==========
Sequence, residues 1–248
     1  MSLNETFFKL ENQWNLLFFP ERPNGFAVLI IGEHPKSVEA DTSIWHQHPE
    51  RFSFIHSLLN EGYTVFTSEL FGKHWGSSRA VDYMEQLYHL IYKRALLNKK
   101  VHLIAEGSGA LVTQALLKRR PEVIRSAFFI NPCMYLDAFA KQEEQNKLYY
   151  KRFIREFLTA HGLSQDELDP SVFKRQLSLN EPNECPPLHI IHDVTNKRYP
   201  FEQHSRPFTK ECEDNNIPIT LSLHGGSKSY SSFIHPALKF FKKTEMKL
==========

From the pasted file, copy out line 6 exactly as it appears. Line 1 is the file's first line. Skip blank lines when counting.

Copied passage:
   201  FEQHSRPFTK ECEDNNIPIT LSLHGGSKSY SSFIHPALKF FKKTEMKL